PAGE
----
At Cherry Park Elementary School 5th grade marked the entrance to the gates of musical exploration. I chose the trombone; secretly I loved it! I loved how after playing it made your lips swell up like inflated nightcrawlers, not to mention the vibration from the mouth piece onto your lips. I loved how slippery the slide was particularly after a good oiling, and I loved emptying out the spit valve even though it was a little gross.
Yet..., when 6th grade rolled around I dropped the trombone (a fitting metaphor since I was constantly over oiling the slide and literally dropping it) and picked up the clarinet. I never liked the clarinet; it was sooo girly, and the problem with the trombone was that it was too boyish. For a finicky child it was a lose-lose situation.
The plus side of the experience was that I learned the notes of both the bass and the treble clef, the bass via the trombone and the treble through the clarinet, and what precious knowledge that was when I decided to emulate a piano player while sitting in front of our families grand piano.
I'm decent; I'm much better when I'm alone in a room. The few times I've been asked to play at church, for others to sing along, I am immediately reminded how I should have employed a metronome when teaching myself how to play. And to top it off, for someone whose only "decent" I'm a piano snob. The experience of playing on a grand piano greatly distorts the experience of practicing on a keyboard, however grateful I am to Gabriel for buying me one for Christmas a few years ago. So, when friends of ours were moving to a different state and asked if I wanted to trade my keyboard for their piano, I didn't dare flinch worried they would express the gesture as a mistake; it was quite amazing how quickly my keyboard seemed to materialize to hand over for the exchange.
I love it when people ask me to bake them things! It makes me feel like an accomplished pianist being requested to play a special piece of music. If I'm being honest (and perhaps a little conceited), it really makes me feel important for someone else to consider my sweets to be good enough to request!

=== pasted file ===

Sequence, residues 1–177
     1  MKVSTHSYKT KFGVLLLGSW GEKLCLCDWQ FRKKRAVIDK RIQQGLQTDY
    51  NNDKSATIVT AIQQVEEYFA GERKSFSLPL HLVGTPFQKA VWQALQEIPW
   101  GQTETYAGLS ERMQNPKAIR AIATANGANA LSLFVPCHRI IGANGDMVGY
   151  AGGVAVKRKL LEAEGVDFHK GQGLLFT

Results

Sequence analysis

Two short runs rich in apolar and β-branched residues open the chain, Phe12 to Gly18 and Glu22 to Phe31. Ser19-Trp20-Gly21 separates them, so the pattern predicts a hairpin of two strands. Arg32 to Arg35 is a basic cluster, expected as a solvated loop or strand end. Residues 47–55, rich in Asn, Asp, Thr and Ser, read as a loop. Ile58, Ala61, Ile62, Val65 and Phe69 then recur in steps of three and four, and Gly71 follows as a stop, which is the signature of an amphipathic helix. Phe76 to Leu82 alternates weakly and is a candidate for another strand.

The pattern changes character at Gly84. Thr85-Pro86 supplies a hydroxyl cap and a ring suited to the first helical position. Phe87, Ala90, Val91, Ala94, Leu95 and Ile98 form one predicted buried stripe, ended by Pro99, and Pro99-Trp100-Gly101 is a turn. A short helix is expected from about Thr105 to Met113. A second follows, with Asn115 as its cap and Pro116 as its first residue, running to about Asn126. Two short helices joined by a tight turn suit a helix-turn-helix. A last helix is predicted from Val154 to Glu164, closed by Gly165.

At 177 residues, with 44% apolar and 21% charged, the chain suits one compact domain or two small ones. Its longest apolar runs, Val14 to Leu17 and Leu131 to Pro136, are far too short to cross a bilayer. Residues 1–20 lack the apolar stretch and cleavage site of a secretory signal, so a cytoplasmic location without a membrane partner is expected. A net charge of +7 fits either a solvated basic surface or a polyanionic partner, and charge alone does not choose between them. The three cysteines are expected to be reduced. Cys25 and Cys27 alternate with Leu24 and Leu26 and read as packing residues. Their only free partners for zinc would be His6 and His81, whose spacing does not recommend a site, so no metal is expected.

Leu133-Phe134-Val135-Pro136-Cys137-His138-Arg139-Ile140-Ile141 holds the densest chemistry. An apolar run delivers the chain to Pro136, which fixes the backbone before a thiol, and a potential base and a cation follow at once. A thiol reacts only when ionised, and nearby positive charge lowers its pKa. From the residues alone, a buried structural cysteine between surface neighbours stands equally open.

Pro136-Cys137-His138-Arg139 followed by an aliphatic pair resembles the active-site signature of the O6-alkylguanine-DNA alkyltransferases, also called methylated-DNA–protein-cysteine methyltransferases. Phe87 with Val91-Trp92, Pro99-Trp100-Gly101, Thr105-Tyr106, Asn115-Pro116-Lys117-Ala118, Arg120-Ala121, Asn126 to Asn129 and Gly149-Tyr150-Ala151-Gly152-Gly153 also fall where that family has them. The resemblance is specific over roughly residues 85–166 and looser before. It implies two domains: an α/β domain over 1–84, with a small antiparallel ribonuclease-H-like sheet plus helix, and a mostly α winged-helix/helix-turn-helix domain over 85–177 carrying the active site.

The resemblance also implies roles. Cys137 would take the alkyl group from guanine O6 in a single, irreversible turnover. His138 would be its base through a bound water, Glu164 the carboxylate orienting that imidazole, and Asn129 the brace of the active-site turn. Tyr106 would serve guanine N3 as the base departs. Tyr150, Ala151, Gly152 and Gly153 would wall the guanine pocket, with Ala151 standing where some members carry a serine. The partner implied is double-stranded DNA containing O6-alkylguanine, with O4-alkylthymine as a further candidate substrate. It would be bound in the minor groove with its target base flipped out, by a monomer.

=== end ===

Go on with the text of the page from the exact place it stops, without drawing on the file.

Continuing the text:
Cake(s): Lemon Sandwich
Darling friends of ours requested/asked that I make a special dessert to donate to their wards silent auction to help raise money for their young women to go to girls camp. I translated this into, "Make a fancy Fahrenheit 350° creation, preferably something you've never made for anyone else before - or try something from scratch, from inspiration, at the last minute." Since I feel like being honest tonight... I like to show off, but that probably isn't a surprising revelation.
I found a recipe in my "Essential Dessert Cookbook" (I love this cookbook!) for Lemon Pudding, and it thenceforth brought about a craving for Lemon Pudding Cake, which then elicited a secondary craving for Chocolate Shortbread... hence the origination of this luscious concoction.
Lemon Pudding Cake:
1 1/2 cups sugar
6 egg yolks
Rind from one large lemon
Whip together about 5 minutes, until dark yellow and grainy
2/3 cup flour, and mix just until incorporated
Juice and pulp from one large lemon
3/4 cup milk
Mix until smooth
Stir in additional 2/3 cup flour until wet
Pour evenly into four greased 5" miniature springform pans
Bake at 350°F, 35-45 minutes until cake springs back to the touch
Run knife along perimeter of pan before removing rim, cool on wire rack
1 1/2 cups flour
2/3 cup cocoa powder
3/4 powdered sugar
4 tablespoons margarine
5 tablespoons butter
Cut together with a fork or pastry blender until dough resembles small peas
2 egg yolks
Continue to mix until dough is wet and thoroughly mixed
Refrigerate for a minimum of 30 minutes
Roll out to 1/4" thick between two sheets of parchment paper
Use ring of springform pan to cut circles
Bake on cookie sheet at 400°F, 6-8 minutes, cool on wire rack until firm
Juice and pulp from the half of one lemon
1 cup powdered sugar, or enough to create a paste like consistency
Whisk until smooth
Coat the bottom of each chocolate biscuit with a layer of lemon glaze
Center the biscuit over the top of each cake, flip cake over and repeat
Dust with powdered sugar
Adorn with cut strawberry, stem attached, if desired
The faint crunch of the wafery biscuit with smooth chocolate flavor paired with the thick milky cake composed of thousands of tiny condensed flavor dimples that immediately dissolve at the touch of an eager tongue into a delightfully scintillating experience, fuses with the glazing paste making it imperceptible as a distinct flavor but beautifully adds to the zest of the cake. I get very excited over competing textures.
What was extra fun is that this ward shares the same church building as the ward I grew up in, so I knew many of the families having gone to school with some of their children, or simply knowing them from mutual activities. But... what I found even more amusing was that most of the people I did not know, yet person after person kept coming up to me asking: "Is your maiden name Johnson?"